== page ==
Colon cancer

Kayla receives liver from living donor, Morgan, to combat colorectal cancer

Two women standing next to each other and smiling
Morgan and Kayla

As a pharmacist at an oncology practice, Kayla Love has watched countless people battle tough-to-beat cancers.

So, when she was diagnosed with colorectal cancer in December 2019, and later found out it had spread to her liver, the mom of two from Fayetteville, Arkansas, knew the situation was life-threatening.

After successful rounds of chemotherapy, Kayla, 39, researched possibilities for further treatment and ended up more than 700 miles away from home at the UW Health Transplant Center in Madison, Wisconsin. There, she received a living donor liver transplant from a good friend and stopped the disease in its tracks.

“I knew what my path was,” she said. “My alternative was to undergo chemotherapy treatments for the rest of my life, so I decided to see how a liver transplant would work for me.”

Transplant as a cancer treatment

Just a month after Kayla’s cancer diagnosis, she learned the cancer had metastasized to her liver. She underwent chemotherapy for two years, but there was still cancer evident on her tests. That’s when she found out the UW Health Liver Transplant Program studies live donor liver transplantation in the treatment of metastatic cancer to the liver.

“When you have a cancer that has spread to the liver, often it’s impossible to just remove the cancerous portion,” said Dr. Sam Lubner, a medical oncologist at UW Health | Carbone Cancer Center. “So, you’re limited to just using chemotherapy as a treatment. However, the five-year survival rate for metastatic colorectal cancer is just 8-12% for patients who are treated with only chemotherapy. We’re always looking for new ways to move the needle on that.”

A liver transplant is one of those “new ways”—although it’s so new that there are few studies proving its effectiveness, which means that a cancer patient would have a difficult time receiving a new liver from a deceased donor because of how the wait list is prioritized.

A friend offers the gift of life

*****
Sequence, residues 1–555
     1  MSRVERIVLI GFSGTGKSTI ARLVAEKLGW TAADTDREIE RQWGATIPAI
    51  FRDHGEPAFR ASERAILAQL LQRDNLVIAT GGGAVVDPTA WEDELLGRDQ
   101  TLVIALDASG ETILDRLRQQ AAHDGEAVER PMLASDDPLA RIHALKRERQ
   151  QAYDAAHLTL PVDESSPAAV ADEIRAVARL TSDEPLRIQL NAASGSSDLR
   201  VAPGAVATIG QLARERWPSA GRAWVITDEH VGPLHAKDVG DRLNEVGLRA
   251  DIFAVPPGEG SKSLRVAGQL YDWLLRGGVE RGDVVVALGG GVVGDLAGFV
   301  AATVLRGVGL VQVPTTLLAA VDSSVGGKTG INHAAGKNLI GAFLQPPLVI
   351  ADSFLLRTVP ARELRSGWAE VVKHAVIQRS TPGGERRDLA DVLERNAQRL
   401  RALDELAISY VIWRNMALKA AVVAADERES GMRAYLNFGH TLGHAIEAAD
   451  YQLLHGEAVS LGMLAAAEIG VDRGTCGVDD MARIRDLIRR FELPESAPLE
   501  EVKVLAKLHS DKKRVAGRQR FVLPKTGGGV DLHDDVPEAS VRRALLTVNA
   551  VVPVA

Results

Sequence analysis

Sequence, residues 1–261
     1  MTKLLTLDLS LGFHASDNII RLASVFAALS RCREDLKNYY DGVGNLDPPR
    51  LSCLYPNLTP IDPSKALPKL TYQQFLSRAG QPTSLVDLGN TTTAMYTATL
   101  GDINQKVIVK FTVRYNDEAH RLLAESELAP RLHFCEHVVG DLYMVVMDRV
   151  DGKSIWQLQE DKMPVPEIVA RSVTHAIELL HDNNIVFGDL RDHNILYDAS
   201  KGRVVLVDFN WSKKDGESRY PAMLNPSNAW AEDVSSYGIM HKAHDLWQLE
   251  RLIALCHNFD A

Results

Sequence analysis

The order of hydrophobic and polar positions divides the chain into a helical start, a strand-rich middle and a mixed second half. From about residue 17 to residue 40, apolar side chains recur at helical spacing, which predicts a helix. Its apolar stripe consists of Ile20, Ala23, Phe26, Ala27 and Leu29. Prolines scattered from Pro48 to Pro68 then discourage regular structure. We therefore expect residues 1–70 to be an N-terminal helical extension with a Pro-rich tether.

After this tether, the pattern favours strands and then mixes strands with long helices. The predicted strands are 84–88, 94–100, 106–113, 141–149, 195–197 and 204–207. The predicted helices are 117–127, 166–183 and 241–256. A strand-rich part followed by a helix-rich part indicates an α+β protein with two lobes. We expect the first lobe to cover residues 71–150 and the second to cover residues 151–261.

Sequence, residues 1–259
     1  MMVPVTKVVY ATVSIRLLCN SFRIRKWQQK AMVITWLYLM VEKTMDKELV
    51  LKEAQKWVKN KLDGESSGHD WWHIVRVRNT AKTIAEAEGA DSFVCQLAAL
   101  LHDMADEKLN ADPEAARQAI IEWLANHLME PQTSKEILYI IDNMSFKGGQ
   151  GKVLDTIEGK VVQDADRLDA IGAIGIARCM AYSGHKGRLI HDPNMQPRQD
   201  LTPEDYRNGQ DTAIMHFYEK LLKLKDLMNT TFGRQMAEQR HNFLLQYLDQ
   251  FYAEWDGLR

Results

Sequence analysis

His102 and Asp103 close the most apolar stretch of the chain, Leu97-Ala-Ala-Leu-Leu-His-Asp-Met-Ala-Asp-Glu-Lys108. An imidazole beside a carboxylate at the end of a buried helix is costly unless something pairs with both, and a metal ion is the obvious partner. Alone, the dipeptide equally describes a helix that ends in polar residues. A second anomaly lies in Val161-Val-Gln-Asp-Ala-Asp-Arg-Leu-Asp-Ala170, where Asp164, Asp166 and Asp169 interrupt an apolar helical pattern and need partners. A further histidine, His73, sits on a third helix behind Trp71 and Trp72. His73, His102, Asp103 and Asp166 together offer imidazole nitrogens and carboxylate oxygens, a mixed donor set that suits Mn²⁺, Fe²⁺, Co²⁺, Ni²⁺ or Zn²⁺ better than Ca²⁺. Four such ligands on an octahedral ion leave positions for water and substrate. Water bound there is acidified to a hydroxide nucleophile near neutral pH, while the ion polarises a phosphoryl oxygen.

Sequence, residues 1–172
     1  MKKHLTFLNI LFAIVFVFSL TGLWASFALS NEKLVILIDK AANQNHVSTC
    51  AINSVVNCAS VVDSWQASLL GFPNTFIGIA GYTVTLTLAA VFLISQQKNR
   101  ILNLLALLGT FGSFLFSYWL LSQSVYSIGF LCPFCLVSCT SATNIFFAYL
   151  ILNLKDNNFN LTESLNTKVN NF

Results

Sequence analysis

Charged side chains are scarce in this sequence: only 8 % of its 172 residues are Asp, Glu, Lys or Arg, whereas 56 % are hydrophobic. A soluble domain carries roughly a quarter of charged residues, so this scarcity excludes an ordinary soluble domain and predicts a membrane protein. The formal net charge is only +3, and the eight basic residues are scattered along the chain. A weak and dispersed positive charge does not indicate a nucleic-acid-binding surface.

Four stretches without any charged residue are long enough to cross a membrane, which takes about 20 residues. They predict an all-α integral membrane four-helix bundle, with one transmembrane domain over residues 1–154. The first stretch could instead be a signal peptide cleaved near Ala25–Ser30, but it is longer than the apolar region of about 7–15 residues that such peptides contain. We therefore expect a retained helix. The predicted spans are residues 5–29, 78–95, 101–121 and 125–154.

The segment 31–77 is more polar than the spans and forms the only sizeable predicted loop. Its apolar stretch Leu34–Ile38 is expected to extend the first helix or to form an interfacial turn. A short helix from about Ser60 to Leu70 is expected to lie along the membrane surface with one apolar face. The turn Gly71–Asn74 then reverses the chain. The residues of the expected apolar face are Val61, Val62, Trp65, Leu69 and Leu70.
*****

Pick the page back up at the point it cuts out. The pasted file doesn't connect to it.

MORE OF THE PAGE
Kayla had known about the possibility of a living liver transplant since she was first diagnosed with cancer, and mentioned it jokingly to her friend Morgan Clayton. Morgan’s own mother had recently passed away from colorectal cancer, and she had been treated at the clinic where Kayla worked.

Later, when Kayla mentioned to Morgan that she had reached out to Dr. David Al-Adra, a transplant surgeon at the UW Health Transplant Center, Morgan promptly submitted an application to be a living liver donor. “At first I was thinking, what if I’m not good enough to be a donor?” said Morgan. “But I have an excellent support system. They said, ‘All you can do is try. If it’s meant to be, it’s meant to be.’”

Both Morgan and Kayla underwent their evaluations at UW Health in late 2022 and early 2023. Dr. Al-Adra said that Kayla was a perfect candidate for a liver transplant to treat her cancer. “She was young and otherwise very healthy,” he said. “One other important part of this was that her disease was responding to chemotherapy.”

Patient selection is a crucial part of using transplant as a treatment for metastatic colorectal cancer, said Dr. Lubner.

“We recently transplanted our 20,000th organ,” said Dr. Lubner. “When it comes to transplant expertise and patient selection, our program measures up favorably to any place around the world.”

Two successful surgeries

Kayla and Morgan both underwent their surgeries at University Hospital in Madison on May 10, 2023. Although Morgan experienced a bile leak that required drainage, she quickly recovered.

Kayla had to undergo an additional surgery to fix a complication before she was able to leave the hospital. But in her opinion, it’s all been worth it—her imaging scans have showed no signs of disease.

“It’s been really great, not having to worry about feeling sick and rundown and not able to do things,” said Kayla, who not only works full time, but also spends most of her free time driving her children to cheerleading competitions and travel baseball games.

As for Morgan—after losing her mom to cancer, she’s grateful she has been able to save a friend from the same fate. “I would go through it again, because I would never want to see my friend’s kids not have a mom,” she said.